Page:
In Saecula Saeculorum. Amen. For the true hope of liberals is a future without end that has forever, once and for all, eradicated the errors of the past. This kind of desperation I have identified with and, again, currently empathize with. But to hand over those hopes to those working start-ups, “institutes,” and businesses is to essentially give them up. These things are rarities because that’s not the way that economically minded, profit-motivated people think. I have very little doubt that in the near and even distant future, we will still hear from liberals talking about this or that collective or business that just seems to get it right, and that we should look to them for an example of the future. Liberals have been doing this for I do not know how long. At least since the popularization, insofar as there was one, of communes.The sexual revolution was wrought with this esoteric sense of the inevitable. It continues up to this very day as LGBT and gender fluid persons are pointed to as examples of how we should all come to see gender and sex. But these people remain a rarity for a reason. Something about what they believe doesn’t change the rest of society. With regard to economics and business, those that undergo their work with a different ilk of principles have not changed capitalism, they have found space to operate slightly differently within it. Those people will still need places to operate, so they will need contractors and developers; they’ll need to borrow money to start, so they’ll need banks. And suppose that there will be a great amount of them in the future. All that means is even more money will be going to contractors, developers, bankers, and investors. So far from changing anything, they’ll provide a more charismatic face for the same voracious beast with all the world as it’s prey.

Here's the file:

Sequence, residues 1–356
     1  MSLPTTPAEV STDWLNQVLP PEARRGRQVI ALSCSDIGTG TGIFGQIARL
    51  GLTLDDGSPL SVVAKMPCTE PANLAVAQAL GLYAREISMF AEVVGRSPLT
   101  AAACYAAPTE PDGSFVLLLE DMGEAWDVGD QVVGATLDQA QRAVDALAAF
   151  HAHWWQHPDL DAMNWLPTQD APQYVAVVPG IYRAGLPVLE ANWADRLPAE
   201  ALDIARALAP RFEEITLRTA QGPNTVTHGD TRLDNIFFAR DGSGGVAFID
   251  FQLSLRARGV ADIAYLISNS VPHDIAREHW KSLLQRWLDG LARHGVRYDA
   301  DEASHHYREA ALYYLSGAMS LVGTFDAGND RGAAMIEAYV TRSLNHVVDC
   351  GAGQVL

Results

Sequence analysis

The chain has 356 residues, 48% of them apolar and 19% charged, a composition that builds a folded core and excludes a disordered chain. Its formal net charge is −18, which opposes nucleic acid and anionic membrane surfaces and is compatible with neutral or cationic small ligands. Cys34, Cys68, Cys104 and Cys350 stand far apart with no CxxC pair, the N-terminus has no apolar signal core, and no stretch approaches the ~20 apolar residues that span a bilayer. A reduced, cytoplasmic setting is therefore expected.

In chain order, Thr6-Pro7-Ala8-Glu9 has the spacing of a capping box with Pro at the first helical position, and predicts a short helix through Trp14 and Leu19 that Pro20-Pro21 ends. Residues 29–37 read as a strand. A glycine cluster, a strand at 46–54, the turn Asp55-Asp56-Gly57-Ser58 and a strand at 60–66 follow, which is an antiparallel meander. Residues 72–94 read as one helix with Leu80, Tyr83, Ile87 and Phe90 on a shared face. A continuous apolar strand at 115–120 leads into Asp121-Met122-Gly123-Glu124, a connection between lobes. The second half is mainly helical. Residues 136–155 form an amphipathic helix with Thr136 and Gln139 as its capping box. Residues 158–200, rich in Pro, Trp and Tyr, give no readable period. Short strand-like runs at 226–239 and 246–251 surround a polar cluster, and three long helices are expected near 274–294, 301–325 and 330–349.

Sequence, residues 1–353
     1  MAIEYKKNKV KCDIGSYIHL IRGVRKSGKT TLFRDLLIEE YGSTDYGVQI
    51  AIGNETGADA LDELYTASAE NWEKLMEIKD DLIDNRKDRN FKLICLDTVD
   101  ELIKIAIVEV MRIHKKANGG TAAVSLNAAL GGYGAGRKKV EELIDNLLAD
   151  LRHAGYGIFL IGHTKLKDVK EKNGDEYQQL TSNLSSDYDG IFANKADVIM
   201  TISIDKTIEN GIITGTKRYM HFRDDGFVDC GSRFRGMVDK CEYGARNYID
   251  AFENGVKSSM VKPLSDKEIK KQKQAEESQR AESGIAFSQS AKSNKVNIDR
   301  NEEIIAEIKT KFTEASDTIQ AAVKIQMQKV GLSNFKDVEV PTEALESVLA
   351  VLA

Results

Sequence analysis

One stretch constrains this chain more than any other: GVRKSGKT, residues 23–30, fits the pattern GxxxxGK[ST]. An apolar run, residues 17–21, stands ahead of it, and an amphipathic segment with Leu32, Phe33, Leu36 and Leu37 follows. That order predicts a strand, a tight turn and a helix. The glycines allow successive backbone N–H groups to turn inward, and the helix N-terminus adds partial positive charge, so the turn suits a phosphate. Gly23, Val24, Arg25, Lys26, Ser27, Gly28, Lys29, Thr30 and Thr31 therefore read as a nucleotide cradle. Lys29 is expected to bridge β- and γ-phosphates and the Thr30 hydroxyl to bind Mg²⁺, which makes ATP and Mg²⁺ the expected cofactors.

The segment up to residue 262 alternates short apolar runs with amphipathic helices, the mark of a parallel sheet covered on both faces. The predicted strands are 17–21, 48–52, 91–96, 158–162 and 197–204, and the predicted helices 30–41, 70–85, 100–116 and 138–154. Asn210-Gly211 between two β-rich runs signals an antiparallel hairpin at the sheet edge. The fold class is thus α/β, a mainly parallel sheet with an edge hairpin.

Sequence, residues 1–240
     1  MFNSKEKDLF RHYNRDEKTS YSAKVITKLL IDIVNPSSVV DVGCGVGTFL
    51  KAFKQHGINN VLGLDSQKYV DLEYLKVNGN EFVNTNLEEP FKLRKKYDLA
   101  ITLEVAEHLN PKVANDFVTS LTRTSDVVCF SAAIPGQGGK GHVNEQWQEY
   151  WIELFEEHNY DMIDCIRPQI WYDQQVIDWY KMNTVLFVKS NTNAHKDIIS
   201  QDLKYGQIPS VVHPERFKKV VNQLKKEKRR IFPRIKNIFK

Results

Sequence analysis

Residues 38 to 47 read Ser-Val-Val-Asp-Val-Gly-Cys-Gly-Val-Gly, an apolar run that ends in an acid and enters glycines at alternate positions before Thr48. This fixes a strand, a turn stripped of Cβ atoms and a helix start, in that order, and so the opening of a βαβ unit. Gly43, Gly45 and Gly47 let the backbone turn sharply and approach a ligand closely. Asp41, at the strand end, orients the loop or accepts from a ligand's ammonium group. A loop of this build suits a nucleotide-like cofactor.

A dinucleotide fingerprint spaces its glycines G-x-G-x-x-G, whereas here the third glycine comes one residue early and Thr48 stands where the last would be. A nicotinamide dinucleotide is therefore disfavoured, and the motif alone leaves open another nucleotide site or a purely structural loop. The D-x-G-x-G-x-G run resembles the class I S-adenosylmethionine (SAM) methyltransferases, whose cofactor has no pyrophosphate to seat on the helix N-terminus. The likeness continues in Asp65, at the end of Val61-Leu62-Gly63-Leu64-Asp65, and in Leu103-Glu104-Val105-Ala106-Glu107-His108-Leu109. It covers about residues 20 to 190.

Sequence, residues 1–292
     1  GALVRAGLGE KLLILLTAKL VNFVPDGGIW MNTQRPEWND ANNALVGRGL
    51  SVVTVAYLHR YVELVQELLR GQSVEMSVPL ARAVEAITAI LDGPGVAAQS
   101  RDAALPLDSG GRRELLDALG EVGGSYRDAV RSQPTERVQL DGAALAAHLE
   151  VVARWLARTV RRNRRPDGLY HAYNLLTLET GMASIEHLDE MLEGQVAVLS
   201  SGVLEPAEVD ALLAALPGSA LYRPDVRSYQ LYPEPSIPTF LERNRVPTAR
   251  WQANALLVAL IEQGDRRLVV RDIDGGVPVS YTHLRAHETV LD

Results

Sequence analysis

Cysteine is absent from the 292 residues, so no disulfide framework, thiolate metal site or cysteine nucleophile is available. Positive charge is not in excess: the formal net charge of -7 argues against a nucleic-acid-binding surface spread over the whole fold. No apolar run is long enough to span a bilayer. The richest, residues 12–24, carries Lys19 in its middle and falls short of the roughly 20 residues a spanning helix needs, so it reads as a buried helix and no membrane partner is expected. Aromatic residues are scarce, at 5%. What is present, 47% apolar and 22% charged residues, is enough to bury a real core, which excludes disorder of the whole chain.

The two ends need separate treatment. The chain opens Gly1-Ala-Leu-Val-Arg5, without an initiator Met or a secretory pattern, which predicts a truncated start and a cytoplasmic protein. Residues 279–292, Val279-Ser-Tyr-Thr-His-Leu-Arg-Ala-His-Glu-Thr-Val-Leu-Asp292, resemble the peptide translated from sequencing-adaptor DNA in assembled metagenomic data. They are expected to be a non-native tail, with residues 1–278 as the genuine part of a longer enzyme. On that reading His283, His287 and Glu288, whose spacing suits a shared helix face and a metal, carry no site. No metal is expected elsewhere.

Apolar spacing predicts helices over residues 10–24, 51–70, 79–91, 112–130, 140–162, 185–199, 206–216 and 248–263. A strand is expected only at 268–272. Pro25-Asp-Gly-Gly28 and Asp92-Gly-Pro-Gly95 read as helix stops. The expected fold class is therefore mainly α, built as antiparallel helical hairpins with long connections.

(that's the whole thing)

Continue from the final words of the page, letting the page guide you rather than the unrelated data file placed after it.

And indeed their goal will be to provide ethical or moral comforts “improved and used without end.” They’ll be there to say, “Capitalism is good and here to stay,” whether or not those words ever come directly from them. Nothing will change, the poor will still be a vulnerable lot of folks desperate for the comforts of the well-off. The Market will still be slow to accomodate their lack of purchasing power. People will still be distant and focus the majority of their time on work (a great many will easily take to the idea that they are helping society “go green” and become “sustainable”). Robots and sweatshop labor will still produce all of our gadgets and technology. And there may be new miseries that come from a misguided arch of progress.